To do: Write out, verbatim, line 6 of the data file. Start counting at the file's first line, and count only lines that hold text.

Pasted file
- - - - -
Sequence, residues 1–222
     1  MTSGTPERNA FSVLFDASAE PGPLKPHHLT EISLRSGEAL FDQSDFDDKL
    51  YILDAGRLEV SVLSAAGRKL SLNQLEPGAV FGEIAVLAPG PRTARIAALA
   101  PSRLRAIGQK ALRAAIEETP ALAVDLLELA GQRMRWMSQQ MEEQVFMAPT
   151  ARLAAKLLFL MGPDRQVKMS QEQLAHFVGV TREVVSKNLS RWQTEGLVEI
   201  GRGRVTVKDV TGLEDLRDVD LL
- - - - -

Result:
   201  GRGRVTVKDV TGLEDLRDVD LL